Talent on the track takes young Islander to the Junior Olympics

Abigail Kim is competing in the Junior Olympics.  - Todd Pearson Photo
Abigail Kim is competing in the Junior Olympics.
— image credit: Todd Pearson Photo

At 14 years old, Abigail Kim has already blown coaches away with her performance in track and field. Urged by her coaches, the Vashon teen is competing this week at the Junior Olympics in Houston.

On Monday Abigail won her first heat and made it to the semi-finals in the 100-meter dash, which she finished in 12.9 seconds. She will also compete in the 200-meter dash and the long jump at the Junior Olympics, an annual event put on by the Amateur Athletic Union.

“It’s a big achievement,” said Sue Kim, Abigail’s mother. “Even if she didn’t place at all, it will still be a tremendous achievement.”

Reached at home last week, Abigail was excited to go to the event and asked that her mom speak on her behalf.

From the time Abigail was little, Sue said, was been clear to everyone that she is fast. She won her first Turkey Trot on Vashon as an elementary schooler, Sue said.

“She didn’t want to beat the boys because she thought they’d be mad at her,” she said with a laugh.

Abigail, who graduated from McMurray Middle School in June, easily won all four of her events at the middle school’s league championships last spring.

Todd Pearson, a volunteer coach at McMurray, said that Abigail was somewhat out of her league competing against fellow middle schoolers. The same performances at the high school state championships, he noted, likely would have placed her in the top three in those events.

“It was clear to me that she had the ability to be very, very good,” Pearson said in an email.

Pearson also said it was clear that Abigail needed coaching beyond what she could get on Vashon.

“It’s obvious that she’s really gifted,” Pearson said. “We needed to get her to a coach who can really show her what to do to get to the next level.”

Abigail, who moved to Vashon with her family when she was 6, is extremely muscular and is built like a runner, Pearson said. The fact that she was running so fast without the help of an experienced coach who could improve her form, he added, was also a testament to her natural talent.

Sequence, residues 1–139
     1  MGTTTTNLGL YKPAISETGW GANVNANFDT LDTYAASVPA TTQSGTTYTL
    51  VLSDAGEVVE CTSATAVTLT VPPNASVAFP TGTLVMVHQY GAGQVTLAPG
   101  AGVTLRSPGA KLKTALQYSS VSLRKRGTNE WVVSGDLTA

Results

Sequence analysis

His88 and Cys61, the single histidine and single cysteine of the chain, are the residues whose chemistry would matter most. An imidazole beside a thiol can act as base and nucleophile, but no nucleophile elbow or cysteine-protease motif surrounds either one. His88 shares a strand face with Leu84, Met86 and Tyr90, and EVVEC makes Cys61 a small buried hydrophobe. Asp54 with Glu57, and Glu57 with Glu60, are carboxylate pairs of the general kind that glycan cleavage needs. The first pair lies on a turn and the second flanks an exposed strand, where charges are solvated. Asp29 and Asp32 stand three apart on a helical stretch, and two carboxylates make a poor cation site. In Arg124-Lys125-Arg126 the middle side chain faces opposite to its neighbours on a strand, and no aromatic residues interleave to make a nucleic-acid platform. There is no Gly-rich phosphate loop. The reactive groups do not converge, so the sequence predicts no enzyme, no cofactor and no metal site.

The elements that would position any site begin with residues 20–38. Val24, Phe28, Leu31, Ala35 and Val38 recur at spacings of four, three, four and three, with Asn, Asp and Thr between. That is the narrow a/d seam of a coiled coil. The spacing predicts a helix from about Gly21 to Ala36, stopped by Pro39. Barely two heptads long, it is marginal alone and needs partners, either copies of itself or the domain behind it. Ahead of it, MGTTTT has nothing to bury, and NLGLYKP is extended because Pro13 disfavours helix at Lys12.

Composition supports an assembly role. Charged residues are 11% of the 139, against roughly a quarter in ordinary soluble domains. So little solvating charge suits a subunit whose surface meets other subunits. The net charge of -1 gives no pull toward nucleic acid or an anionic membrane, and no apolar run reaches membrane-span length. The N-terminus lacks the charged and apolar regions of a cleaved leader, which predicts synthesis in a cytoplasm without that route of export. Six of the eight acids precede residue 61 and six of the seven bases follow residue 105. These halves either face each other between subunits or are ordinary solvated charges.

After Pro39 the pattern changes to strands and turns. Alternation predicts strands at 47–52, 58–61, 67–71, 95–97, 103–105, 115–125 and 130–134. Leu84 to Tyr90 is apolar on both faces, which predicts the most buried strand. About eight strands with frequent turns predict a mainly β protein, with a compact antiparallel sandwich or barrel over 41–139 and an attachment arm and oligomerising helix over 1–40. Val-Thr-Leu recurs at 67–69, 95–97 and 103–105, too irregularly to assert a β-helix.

“There was enormous room for improvement in her performances, and yet she was easily beating the competition using less-than-stellar technique,” he said.

With encouragement from Pearson and  middle school coach Marilyn Oswald, Abigail began training about a month ago with Mike Cunliffe, a Seattle running coach who works with elite runners and was impressed with Abigail’s times.

With hard work and some improvements to her running form, Abigail qualified to compete at the Junior Olympics in all three events she tried for. There, Pearson said, she’ll be competing against some young athletes who have had high-level coaching for years.

“Abbie will come into that meet at a significant disadvantage on that score, but I am confident she’ll do very well in spite of it,” he said.

Sue said that while Abigail’s coaches anticipate she could go far in the world of competitive track and field, she and her husband Jin Kim are being careful not to put too much pressure on the young girl. Abigail also enjoys soccer and plays on an elite team in Seattle, and her parents want her to feel free to pursue whatever sport she chooses, Sue said.

“She’s built to be an athlete, and she needs to move to survive,” she said. “We want to keep her life in balance, too, and make sure she stays involved in other things as well.”


For more on the Junior Olympics, or to see track and field events streamed live, see



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